At least 30 demonstrators from the embattled Borei Keila neighborhood of Phnom Penh were put onto buses and moved away from City Hall, where they had been protesting a forced eviction.
Police moved the demonstrators to the Prey Speu “rehabilitation center,” in Dangkao district, where they are being held.
The residents of Borei Keila have been embroiled in the latest in a series of violent forced evictions that have led to demonstrations, but this is the first instance where police have detained protestors en masse.
Around 100 demonstrators had gathered in front of the city building to demand that authorities release eight residents arrested in clashes with police last week during a forced eviction of the neighborhood, which is slated for development.
Residents and rights groups say the development company, Phan Imex, failed to build enough housing for the number of residents that would be displaced by their development plan.
Representatives delivered a letter to city officials, but demonstrators refused to clear out afterwards. Police began pushing, hitting and kicking the demonstrators, eye witnesses and rights workers said afterwards.
“I saw police pushing a child, but when I tried to save the child during a clash, police pushed me to the ground and kicked me,” said Khieu Lay, a 38-year-old Borei Keila resident. “I have a heart condition and so I fainted.”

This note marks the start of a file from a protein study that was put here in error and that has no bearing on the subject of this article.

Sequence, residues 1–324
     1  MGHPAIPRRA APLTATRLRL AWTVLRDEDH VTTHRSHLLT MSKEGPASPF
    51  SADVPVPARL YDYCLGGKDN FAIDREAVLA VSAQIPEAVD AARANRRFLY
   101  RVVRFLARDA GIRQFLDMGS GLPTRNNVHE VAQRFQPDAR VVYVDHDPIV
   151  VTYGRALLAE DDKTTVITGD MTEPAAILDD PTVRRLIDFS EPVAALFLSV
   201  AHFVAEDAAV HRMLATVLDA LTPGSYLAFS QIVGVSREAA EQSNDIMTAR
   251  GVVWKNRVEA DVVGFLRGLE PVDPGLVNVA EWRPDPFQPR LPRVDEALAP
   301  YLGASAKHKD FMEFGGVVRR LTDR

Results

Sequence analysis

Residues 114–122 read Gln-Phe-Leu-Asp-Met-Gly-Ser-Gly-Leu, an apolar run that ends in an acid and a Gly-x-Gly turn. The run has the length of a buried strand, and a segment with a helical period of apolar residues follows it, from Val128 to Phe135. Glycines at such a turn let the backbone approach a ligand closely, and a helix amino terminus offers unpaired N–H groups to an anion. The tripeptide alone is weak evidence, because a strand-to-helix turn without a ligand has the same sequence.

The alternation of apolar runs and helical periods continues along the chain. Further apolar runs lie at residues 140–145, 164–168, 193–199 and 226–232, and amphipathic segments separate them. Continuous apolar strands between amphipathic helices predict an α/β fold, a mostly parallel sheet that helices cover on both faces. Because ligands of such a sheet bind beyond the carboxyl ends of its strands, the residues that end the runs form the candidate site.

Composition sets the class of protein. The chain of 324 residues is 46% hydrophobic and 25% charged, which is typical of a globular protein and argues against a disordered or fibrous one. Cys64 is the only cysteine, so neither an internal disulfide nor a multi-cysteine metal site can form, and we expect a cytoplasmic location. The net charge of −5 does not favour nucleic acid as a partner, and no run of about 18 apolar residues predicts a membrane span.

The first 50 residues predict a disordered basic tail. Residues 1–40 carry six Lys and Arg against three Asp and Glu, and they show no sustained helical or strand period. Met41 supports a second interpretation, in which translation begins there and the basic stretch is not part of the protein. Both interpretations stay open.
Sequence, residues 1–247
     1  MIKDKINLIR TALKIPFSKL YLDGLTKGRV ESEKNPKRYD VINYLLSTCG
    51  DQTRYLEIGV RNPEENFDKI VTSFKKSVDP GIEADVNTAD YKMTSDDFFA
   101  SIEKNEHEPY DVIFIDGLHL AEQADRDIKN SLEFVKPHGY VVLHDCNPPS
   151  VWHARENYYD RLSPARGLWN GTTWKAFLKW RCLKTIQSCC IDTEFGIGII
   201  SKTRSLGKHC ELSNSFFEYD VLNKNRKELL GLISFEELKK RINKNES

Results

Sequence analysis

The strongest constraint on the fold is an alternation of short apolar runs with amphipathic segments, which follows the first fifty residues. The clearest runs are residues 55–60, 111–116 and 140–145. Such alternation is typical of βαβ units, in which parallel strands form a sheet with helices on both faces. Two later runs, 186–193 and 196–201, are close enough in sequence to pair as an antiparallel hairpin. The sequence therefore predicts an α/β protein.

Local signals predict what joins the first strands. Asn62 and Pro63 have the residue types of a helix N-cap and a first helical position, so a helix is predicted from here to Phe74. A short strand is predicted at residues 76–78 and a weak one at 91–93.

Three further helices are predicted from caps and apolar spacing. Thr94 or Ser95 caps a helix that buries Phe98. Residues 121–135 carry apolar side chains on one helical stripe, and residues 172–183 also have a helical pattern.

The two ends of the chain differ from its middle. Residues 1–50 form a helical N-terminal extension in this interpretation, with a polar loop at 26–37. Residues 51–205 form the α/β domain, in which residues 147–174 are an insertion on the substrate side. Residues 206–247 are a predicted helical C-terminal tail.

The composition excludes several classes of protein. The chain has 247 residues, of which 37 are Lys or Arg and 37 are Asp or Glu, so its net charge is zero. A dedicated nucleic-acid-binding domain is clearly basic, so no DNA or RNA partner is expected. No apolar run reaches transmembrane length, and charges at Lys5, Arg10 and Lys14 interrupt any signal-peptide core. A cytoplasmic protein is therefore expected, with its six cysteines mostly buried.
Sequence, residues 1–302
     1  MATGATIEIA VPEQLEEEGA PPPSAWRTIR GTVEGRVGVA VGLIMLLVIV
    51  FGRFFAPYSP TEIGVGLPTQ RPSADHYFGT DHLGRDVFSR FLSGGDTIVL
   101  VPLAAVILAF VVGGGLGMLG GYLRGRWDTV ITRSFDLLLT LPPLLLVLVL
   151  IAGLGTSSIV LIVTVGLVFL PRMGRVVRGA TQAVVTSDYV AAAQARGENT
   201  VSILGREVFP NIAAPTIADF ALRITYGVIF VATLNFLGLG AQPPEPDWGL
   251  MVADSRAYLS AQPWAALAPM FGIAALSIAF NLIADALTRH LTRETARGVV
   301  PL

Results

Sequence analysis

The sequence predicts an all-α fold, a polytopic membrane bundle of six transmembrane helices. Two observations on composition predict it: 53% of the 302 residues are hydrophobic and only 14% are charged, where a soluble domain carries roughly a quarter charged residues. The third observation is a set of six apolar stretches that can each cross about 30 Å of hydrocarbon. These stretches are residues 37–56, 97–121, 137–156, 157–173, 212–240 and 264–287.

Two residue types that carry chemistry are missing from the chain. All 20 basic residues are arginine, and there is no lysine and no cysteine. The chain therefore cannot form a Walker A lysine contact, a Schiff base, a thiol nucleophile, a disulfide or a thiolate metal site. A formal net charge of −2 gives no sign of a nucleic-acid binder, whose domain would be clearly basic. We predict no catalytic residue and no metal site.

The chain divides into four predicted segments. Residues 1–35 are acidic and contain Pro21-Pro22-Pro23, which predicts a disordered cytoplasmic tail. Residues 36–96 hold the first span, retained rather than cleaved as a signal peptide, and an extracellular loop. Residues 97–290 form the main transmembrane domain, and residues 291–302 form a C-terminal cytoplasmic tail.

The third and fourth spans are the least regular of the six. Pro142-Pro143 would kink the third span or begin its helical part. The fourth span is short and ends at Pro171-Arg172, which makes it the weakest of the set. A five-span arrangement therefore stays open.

Nearby demonstrators revived her. Most of Wednesday’s demonstrators were women, some were children.
Heng You, a 10-year-old student from Back Tuol elementary school who came to protest with her mother, said she had not been to class for “many days.”
“I have no desire to study,” she said. “I lost my house on Jan. 3, and I have no place to live.”
Around 300 families lost their homes in the Jan. 3 forced eviction of Borei Keila, during which time residents threw rocks and bottles at police.
Am Sam Ath, a rights investigator for Licadho, said the city and national governments need to find a solution for the residents who lost their homes.
Phan Imex was supposed to build 10 housing units in a deal to share land with residents who would be dispossessed under their development plan, but the company only built eight, he said. “That’s why the villagers have no place to live.”
Phan Imex director Suy Siphan said those families who were evicted were without legal documentation and that building eight housing units was sufficient for the former residents.